Only 13% of people surveyed have been able to go inside their loved one’s care home since the pandemic began. Almost a quarter (24%) haven’t been able to see their loved one at all for over six months.8

Alzheimer’s Society is calling for meaningful – close contact, indoor – visits to be the default position without delay from 8 March.

Orla Phipps who gave up her studies to live with her Grandmother Agnes said,

Coronavirus has affected my life and the life of my family immensely. The worry about what could happen to my grandma, if we risked having multiple carers looking after her, is the reason I become her full-time carer and left college.

Just before coronavirus hit my grandma Agnes was in a care home recovering from a hip replacement. We were very lucky that she was able to come home just before the nursing homes closed their doors. If she had been denied visits from our family, her dementia would have progressed much faster and her cognitive function would not be as good as it is today.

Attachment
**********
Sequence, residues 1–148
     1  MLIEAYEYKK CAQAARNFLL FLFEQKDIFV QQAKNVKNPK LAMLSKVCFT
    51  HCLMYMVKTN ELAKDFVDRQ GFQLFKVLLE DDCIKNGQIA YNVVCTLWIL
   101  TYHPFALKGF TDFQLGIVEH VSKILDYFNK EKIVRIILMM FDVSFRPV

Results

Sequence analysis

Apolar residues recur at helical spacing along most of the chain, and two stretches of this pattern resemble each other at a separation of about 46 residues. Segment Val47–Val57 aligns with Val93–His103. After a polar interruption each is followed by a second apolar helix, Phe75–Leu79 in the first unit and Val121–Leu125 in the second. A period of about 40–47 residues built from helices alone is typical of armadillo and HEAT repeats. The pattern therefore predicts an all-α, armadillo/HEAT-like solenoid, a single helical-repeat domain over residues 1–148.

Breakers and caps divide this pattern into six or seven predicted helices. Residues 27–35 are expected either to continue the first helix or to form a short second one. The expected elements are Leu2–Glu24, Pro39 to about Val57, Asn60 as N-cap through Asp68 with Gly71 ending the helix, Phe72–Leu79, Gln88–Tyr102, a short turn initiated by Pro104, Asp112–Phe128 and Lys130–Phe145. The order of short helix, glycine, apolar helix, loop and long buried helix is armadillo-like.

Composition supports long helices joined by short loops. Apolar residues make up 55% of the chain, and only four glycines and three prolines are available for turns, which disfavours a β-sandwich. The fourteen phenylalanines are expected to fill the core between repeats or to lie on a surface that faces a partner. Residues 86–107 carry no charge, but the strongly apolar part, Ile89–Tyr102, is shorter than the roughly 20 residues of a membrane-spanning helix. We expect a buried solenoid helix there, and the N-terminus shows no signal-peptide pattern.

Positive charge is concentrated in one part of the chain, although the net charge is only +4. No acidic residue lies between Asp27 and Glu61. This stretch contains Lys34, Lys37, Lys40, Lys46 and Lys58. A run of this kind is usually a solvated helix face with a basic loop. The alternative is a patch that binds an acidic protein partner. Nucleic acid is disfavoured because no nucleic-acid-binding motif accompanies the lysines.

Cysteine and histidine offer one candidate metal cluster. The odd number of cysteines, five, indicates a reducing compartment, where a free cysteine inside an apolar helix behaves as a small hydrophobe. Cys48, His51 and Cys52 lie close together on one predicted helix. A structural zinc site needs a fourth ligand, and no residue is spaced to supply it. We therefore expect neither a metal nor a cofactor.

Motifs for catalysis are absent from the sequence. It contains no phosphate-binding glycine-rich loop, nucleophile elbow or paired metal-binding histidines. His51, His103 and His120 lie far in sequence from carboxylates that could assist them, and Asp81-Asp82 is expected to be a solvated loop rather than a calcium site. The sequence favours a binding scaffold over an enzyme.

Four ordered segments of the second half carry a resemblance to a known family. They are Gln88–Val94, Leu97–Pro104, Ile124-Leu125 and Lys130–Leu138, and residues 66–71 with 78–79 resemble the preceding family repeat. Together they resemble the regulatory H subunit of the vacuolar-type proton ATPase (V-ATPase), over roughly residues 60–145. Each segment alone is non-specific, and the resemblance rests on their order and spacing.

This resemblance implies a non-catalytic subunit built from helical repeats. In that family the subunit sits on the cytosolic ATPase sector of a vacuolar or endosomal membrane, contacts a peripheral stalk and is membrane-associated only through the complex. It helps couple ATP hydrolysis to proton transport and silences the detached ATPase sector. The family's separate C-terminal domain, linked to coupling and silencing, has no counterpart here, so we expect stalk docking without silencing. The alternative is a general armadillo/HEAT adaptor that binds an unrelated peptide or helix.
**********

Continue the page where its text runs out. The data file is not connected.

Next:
I have received so many comments from people who follow our TikTok account, who have lost loved ones too, many of whom had dementia and were in care homes. It breaks my heart to think of those who have died without their loved ones by their side.

We must do better by those with dementia and their families, now more than ever. People with dementia need human connection and visiting restrictions have taken this from them. Moving forward we must make up for lost time and show them the care and dignity that they so greatly deserve.”

There are an estimated 850,000 people living with dementia in the UK, including more than 134,570 in the South East

Dementia organisations, including this coalition, joined forces as One Dementia Voice in July 2020 to call for designated family carers to be given key worker status to enable care home visits to loved ones.